Hawk-Eye sees everything on Victoria's racecourses

Head of integrity Dayle Brown in the stewards' control room, from where Hawk-Eye is operated. Photo: Racing Victoria.

At the height of Melbourne’s spring carnival last year, Racing Victoria began using Hawk-Eye technology during races, the same Hawk-Eye that revolutionized grand slam tennis, cricket, and soccer. Brad Waters looks at how the technology works and what it does, and how it has altered the integrity of Victorian racing.

Racing Victoria stewards keep a close eye on “Hawk-Eye” during every meeting, but they never see Alan Alda, or any episode of M*A*S*H for that matter. And that’s because racing’s version of Hawk-Eye is a system of cameras that feeds raw in-race footage directly to the stewards, enabling them to keep a close eye on every facet of a race, and find anything that might produce better, cleaner racing. By “cleaner racing,” stewards mean races run with less interference. However, there is also the intention to produce improved training footage for tactical riding education.

Hawk-Eye entered racing in Victoria in October 2014 during the hectic Melbourne spring. It had been trialed during the quieter winter months. The U.K.-based, Sony-owned Hawk-Eye Innovations has developed ball-tracking devices for tennis and cricket, and produced the goal-line camera technology in use at the 2014 soccer World Cup. Using high-frame rate cameras, and advanced vision processing systems, Hawk-Eye equipment is trusted to make adjudications on sporting moments worth millions in both wagering and prize money.

Victorian racing alone is worth $2.8 billion to the Australian economy, and the technology cost a comparative pittance. Hawk-Eye set Racing Victoria back $300,000 to install and prepare, but punters paid for part of that via unclaimed pari-mutuel dividend money, accounting for approximately one-third of the cost.

The technology has advanced the sport significantly. Where stewards once relied on videotape, Hawk-Eye has enabled them to capture up to 12 different camera angles in either standard or high definition on any part of a race, transferring the signal to a broadcast van outside the racecourse. Stewards then have the ability from the control centre to bring up eight angles of each camera, each in perfect synchronization of the others to show every race or movement unfolding, eight different ways every time.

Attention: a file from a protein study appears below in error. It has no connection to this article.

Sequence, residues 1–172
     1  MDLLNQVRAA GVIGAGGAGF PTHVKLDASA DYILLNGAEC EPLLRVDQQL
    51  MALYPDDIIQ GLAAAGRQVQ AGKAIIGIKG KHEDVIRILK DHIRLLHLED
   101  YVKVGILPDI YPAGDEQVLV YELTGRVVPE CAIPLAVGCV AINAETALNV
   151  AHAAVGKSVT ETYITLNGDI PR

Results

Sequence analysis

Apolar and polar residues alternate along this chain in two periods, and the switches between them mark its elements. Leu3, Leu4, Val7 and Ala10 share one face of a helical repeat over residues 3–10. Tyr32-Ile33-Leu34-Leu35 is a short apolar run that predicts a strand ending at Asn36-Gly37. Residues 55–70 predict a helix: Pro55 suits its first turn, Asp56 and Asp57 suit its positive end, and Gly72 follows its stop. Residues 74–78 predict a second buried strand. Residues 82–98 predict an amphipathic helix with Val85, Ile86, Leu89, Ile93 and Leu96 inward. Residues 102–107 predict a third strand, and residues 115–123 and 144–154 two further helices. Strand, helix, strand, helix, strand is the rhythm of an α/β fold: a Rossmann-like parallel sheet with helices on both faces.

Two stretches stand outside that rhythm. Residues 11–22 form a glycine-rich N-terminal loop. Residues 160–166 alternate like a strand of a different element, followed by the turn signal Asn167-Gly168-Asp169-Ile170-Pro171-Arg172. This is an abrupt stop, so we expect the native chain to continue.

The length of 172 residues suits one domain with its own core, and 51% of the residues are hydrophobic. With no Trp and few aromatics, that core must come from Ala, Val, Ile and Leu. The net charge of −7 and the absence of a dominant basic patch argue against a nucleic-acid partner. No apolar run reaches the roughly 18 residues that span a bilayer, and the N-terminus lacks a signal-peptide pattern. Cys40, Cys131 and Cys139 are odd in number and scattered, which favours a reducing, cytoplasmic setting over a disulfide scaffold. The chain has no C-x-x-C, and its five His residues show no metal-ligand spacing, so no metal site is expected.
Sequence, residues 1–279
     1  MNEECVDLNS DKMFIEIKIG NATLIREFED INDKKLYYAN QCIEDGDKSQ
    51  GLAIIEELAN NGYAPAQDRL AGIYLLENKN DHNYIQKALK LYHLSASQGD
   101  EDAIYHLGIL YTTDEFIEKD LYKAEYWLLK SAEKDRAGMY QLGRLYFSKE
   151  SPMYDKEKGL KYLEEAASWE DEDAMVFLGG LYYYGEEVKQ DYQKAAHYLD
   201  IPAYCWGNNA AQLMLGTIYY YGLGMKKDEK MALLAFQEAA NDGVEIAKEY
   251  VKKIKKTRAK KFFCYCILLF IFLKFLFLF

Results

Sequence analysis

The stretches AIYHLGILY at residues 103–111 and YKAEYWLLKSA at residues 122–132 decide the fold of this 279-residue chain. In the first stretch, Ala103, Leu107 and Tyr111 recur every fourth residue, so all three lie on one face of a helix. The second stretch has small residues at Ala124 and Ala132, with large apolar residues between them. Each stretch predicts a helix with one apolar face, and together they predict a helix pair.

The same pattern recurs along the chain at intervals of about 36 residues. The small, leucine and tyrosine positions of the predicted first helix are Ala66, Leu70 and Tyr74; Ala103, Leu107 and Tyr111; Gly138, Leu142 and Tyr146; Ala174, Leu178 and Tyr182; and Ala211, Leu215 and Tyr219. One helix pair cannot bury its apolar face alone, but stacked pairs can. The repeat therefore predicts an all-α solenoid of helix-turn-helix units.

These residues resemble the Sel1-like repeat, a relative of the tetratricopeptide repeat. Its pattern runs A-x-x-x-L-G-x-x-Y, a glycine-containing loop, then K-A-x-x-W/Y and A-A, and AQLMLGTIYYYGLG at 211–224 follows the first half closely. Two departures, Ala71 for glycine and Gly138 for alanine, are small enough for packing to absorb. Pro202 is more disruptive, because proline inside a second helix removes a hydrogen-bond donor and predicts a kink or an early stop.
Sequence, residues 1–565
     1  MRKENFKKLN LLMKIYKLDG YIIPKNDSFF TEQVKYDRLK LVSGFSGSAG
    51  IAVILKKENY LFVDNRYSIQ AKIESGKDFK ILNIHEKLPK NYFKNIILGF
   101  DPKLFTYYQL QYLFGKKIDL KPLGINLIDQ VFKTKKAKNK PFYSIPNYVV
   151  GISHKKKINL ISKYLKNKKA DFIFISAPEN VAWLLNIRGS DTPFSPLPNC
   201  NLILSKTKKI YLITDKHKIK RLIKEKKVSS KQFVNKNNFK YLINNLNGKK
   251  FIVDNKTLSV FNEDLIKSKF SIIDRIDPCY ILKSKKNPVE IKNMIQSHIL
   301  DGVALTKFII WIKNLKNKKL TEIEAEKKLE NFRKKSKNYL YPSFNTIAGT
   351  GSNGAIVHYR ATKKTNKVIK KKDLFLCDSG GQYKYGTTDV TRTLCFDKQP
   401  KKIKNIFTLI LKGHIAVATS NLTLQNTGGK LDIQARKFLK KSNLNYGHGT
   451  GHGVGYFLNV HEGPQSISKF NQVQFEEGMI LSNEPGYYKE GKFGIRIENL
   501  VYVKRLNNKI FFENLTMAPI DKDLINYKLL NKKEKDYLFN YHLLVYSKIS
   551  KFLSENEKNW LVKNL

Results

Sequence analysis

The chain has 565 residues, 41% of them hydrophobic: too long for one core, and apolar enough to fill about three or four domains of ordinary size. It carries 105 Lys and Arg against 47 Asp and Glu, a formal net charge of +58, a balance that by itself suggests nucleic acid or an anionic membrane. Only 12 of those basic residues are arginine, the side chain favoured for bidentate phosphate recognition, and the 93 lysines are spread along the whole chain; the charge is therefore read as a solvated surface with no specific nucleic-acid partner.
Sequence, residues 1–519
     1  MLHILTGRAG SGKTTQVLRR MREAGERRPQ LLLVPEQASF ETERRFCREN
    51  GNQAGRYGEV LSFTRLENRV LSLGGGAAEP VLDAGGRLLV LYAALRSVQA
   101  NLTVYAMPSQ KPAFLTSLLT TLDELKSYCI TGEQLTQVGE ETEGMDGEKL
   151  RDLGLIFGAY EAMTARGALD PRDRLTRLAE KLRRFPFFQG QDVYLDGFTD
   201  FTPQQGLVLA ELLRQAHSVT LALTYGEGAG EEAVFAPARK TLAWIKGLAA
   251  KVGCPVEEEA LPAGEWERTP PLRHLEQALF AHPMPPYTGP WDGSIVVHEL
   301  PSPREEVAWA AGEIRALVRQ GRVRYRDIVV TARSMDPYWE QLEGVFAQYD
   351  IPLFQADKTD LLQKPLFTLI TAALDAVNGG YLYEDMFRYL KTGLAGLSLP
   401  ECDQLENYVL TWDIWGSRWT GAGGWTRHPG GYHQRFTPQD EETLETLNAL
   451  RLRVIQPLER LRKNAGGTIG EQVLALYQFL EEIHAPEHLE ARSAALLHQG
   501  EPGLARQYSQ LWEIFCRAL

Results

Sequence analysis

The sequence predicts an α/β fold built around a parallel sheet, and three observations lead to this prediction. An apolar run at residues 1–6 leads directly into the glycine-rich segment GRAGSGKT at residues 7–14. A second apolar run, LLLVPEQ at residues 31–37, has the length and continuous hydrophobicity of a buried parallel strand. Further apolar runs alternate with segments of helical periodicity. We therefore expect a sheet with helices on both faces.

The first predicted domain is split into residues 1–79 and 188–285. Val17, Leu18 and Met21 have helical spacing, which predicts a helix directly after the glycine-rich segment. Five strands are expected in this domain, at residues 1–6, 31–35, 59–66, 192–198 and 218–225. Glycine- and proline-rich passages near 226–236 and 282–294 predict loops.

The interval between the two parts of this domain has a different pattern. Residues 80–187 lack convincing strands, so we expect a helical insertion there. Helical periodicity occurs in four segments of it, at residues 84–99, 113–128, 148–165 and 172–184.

Hawk-Eye allows stewards to zoom in and out, and to view any part of a jockey or horse’s action with remarkable clarity. This is especially useful investigating whip infractions, for instance, for in Australia jockeys are not permitted to raise their arm above shoulder height. Hawk-Eye has also proved useful in monitoring the number of times whips are used throughout a race.

It has had the knock-on effect of speeding up protest hearings in Victoria. It had long been felt that protests were taking too long, but since the introduction of Hawk-Eye, the clarity of vision has prompted stewards to introduce a trial of only seeking evidence from the riders involved in an objection – trainers and managing owners must now seek permission to speak in protest hearings. The success of the trial, which was instigated in January, is yet to be determined, but it wouldn’t have been implemented without the new technology.

The Hawk-Eye visual system is a major part of the on-track arsenal available to stewards these days. It can ensure that a race is run fairly and safely. However, in the Racing Victoria control room, it isn’t the only technology. Racing Victoria’s Integrity department team are also analyzing form and wagering patterns. ie. monitoring betting activity.

Via a signed memorandum of understanding with Racing Victoria, wagering exchange Betfair, along with corporate bookmakers, and any wagering agencies that have signed the agreement, can reveal the identity of punters backing and laying horses. Identity information can be requested by Racing Victoria through a simple phone call, and transmitted straight to stewards on course. It gives the integrity department the ability to be as thorough at a country meeting as it would be at Flemington on Cup Day.

On the track, the Hawk-Eye system is engaging. Because computers are involved, things can go wrong, and the occasional inquiry can be held up as technical support steps in. But overall, the system provides a great deal of clarity for all parties. The bank of screens gives stewards a better chance of observing careless or reckless riding, but it also gives jockeys clearer footage from which to defend themselves against charges.

“We just want to make sure everybody goes home in one piece,” says chief steward Terry Bailey on many occasions when inquiring into a rider’s accused carelessness. Des O’Keeffe, of the Victorian Jockeys’ Association, agrees.

“We are supportive of anything that makes the jobs of jockeys safer,” O’Keeffe said. “Hawk-Eye has been one of those things that has helped jockeys ride safely all over Victoria.”

Integrity is first and foremost with any chief steward, and Bailey said that Hawk-Eye is one part of Racing Victoria’s strategy to maintain punter confidence, along with target testing of horses for race-day treatment, unannounced stable visits, and jockey and stable-staff drug testing. He is always insistent on the integrity department’s best procedures being followed, but even that has come under fire in recent months with the lengthy investigations into the cobalt scandal, which hit a few high-profile Melbourne trainers earlier this year.

“We never make apologies for asking questions,” Bailey said. “Largely, that’s what we’re here for. Confidence to bet on our product is all-important.”

This has long been the line from Victoria’s stewards, well before the cobalt controversy erupted, and the introduction of innovative Hawk-Eye. 

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